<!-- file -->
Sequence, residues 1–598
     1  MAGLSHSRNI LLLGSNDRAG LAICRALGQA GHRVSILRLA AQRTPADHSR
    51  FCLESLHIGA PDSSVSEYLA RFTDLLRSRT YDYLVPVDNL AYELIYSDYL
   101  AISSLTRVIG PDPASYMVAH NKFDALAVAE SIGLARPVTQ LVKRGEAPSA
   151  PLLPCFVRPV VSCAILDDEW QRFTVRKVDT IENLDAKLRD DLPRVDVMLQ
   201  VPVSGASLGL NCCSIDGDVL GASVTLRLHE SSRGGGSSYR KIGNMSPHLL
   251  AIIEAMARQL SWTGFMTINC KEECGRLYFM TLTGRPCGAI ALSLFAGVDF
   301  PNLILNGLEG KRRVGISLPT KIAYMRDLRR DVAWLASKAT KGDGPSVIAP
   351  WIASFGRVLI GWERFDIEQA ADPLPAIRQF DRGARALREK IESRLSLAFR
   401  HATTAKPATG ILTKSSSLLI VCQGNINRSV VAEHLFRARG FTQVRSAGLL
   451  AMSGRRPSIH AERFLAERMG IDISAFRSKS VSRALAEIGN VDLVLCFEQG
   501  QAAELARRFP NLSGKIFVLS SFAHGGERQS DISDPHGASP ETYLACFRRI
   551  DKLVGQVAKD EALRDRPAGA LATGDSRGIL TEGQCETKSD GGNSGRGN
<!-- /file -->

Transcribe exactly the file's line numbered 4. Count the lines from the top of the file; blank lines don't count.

   101  AISSLTRVIG PDPASYMVAH NKFDALAVAE SIGLARPVTQ LVKRGEAPSA